Ward explained that though you apply less water under drip than you do in traditional irrigation, you actually consume more water as the yields and production go up. And, there is reduced recharge into the aquifer basin around Albuquerque.

“Historically there is an assumption that shifting into drip irrigation will conserve water, but very, very few studies have been done that have measured that, and those that have measured it have found that in a lot of cases it can increase water consumption.”

“It can increase income and increase yield. It’s good for food security, you get more calories into people’s bellies. But it doesn’t necessarily conserve water.  The water that would have gone down into the land to recharge the aquifer basin under flooding irrigation, disappears or nearly disappears,” he said.

The Rio Puerco watershed, located beneath the The Navajo Chapter community of To’Hajiilee, 30 miles from Albuquerque and completely within the Middle Rio Grande Underground Water Basin, ran out of water twelve years ago, What water remains is filled with corrosive dissolved solids, looks like orange juice, resembles coffee grounds and smells like rotten eggs.

Ward said people are looking at legislative enactments and proposals on subsidizing drip irrigation to combat water shortages. The researchers concluded “abandoning the zombie idea that conversions to modern irrigation technologies will save water is a prerequisite to achieving sustainable water and economic security.”

The research team’s paper states: If the objective is saving water, resources are better employed in researching and testing the feasibility and performance of transition pathways towards transformational institutions and policies that are effective in saving water (such as quotas or charges), rather than in subsidizing modern irrigation technologies that increase consumption and aggravate scarcity.

South Valley Farmer Weighs in on Water Use

I spoke with Marcia Fernandez who has a small farm in the South Valley that is both irrigated from the Rio Grande and also has drip irrigation from their well. Fernandez said there is a misconception that farmers are wasting all the water.

“A county commissioner said we need to go to drip irrigation. To which I say, you can’t drip irrigate all crops. You might be able to drip irrigate a cornfield or potato field or a chili field with a lot of money, but you can’t irrigate pasture or alfalfa or crops that you feed to animals,” Fernandez said.

Fernandez uses drip irrigated groundwater that comes out of a well for their garden. “Your yields are very good with drip irrigation. You have good control of how much water you’re bringing from underground, however the water you are bringing up is highly mineralized water that includes a huge number of salts. Most of them are calcium salts, but there are others and your ground eventually becomes unusable and unreliable.”

Fernandez said once you’ve added the salts as a foreign element to the dirt your crops yields will ultimately go down. “The dirt becomes literally white from the calcium build up and it looks like you have thrown flour on your dirt and that’s a big problem. We drip irrigate what we can and we flood irrigate the rest when there’s water,” she said. “The water from flood irrigating is returned through groundwater absorption into the shallow aquifer, which eventually makes its way to the deep aquifer.”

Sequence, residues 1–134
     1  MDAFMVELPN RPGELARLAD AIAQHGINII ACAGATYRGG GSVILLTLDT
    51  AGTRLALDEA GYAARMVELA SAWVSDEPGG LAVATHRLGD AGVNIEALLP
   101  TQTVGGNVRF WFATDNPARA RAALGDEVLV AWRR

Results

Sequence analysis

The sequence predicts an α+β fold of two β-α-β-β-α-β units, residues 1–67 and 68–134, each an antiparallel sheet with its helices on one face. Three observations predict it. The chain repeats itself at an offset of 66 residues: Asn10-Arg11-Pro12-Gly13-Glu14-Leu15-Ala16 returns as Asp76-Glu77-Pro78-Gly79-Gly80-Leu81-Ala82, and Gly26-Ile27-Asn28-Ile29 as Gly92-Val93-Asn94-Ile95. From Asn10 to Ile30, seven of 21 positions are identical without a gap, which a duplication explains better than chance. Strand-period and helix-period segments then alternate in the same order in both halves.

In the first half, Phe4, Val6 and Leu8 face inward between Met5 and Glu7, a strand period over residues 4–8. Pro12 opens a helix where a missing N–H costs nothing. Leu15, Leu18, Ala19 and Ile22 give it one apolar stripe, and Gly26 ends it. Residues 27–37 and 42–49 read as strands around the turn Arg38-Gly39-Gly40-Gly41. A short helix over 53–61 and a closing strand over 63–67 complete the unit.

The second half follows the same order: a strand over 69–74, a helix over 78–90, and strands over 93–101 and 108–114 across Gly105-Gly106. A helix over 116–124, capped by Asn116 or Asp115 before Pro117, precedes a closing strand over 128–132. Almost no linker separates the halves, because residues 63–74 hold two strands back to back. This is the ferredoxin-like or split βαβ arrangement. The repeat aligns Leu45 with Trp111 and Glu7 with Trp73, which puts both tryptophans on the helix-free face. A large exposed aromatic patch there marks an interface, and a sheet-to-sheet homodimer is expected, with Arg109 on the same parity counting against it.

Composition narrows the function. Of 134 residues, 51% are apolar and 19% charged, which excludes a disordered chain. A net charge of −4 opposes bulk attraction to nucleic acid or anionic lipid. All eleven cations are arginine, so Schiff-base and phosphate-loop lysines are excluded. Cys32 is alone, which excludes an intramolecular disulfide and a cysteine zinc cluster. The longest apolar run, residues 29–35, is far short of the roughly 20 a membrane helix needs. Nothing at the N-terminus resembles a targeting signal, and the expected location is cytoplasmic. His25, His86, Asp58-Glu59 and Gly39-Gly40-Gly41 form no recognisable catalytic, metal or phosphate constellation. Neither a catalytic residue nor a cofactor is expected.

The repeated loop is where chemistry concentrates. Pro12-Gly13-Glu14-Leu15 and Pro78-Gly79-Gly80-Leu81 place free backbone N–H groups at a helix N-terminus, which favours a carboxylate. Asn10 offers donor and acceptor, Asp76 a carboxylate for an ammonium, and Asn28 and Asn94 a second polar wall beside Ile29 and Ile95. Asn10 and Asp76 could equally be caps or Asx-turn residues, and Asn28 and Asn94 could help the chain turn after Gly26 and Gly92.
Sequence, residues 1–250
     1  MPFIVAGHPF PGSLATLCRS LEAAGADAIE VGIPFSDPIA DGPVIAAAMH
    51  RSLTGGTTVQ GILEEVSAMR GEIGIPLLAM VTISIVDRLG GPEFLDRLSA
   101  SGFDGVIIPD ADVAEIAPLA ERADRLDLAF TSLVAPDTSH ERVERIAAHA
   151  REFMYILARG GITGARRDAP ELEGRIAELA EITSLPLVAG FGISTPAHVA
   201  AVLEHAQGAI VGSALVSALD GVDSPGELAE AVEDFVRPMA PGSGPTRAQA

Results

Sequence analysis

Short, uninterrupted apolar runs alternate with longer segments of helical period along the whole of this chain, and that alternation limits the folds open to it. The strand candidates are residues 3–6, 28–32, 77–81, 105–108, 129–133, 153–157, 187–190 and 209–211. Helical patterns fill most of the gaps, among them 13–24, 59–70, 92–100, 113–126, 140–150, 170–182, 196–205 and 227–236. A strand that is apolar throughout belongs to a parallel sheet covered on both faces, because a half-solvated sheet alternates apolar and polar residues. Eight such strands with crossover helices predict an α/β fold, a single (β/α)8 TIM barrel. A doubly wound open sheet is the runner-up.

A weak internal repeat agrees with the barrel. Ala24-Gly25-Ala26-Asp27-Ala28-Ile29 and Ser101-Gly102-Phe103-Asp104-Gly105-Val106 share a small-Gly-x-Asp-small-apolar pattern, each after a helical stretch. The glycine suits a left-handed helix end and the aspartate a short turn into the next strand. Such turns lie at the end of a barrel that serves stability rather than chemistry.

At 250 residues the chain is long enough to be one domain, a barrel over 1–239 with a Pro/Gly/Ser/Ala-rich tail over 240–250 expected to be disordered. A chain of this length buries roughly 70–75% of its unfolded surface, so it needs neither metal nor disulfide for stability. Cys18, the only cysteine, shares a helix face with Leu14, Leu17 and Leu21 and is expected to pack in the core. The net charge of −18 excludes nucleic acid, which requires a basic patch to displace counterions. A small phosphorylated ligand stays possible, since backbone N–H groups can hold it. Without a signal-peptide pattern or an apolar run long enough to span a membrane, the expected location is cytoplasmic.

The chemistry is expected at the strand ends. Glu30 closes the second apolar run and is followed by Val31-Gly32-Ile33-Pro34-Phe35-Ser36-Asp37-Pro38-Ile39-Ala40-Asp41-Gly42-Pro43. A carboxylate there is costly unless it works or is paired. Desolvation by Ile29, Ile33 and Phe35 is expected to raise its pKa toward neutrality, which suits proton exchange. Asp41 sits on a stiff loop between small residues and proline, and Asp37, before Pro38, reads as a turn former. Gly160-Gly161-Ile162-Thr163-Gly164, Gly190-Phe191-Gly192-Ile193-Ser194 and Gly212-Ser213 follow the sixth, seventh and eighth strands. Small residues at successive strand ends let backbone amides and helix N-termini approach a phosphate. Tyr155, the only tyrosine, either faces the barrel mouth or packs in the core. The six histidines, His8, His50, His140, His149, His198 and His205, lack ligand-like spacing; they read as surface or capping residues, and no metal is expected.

When the Rio Grande went dry in July, it was a big moment for the Middle Rio Grande acequias. “We asked the Water Utility Authority to declare a stage three water emergency which would mean no outdoor watering, but they just looked at us and said: ‘You guys are crazy. We have enough water for 100 years.’

“That’s literally how they are viewing this,” Fernandez said. “The utility authority doesn’t ascribe to the Native wisdom that you need to consider the results of your actions for seven generations after you. Why are they not panicking about it? Their hair should be on fire about this, but it’s not.”

Fernandez has had the hills and slopes of their land scanned with a laser and leveled for more efficient irrigating. There’s a lot of work and money involved in maintaining drip irrigation as the salt accumulates inside of the drippers and other equipment, and they have to be replaced frequently. Fernandez said the city of Albuquerque and Rio Rancho and others who have their straws in the deep aquifer are beholden to the people who are helping recharge the aquifer as the figures of recharge to the river now are pretty low. She said the farmers that flood irrigate are contributing huge amounts of water to the deep aquifer and she advocates paying the farmers of cultural lands and the Pueblo of Sandia for recharging the aquifer.

“We are helping to keep the aquifer of Albuquerque afloat. People’s lands are laser leveled. We are required to finish irrigating one acre in one hour. The farmers don’t waste water, we’re not running water out into wastelands, we’re not running water over roads or have sprinklers watering the sidewalk,” she said. “Farmers have done a good job of using just what they need and no more.”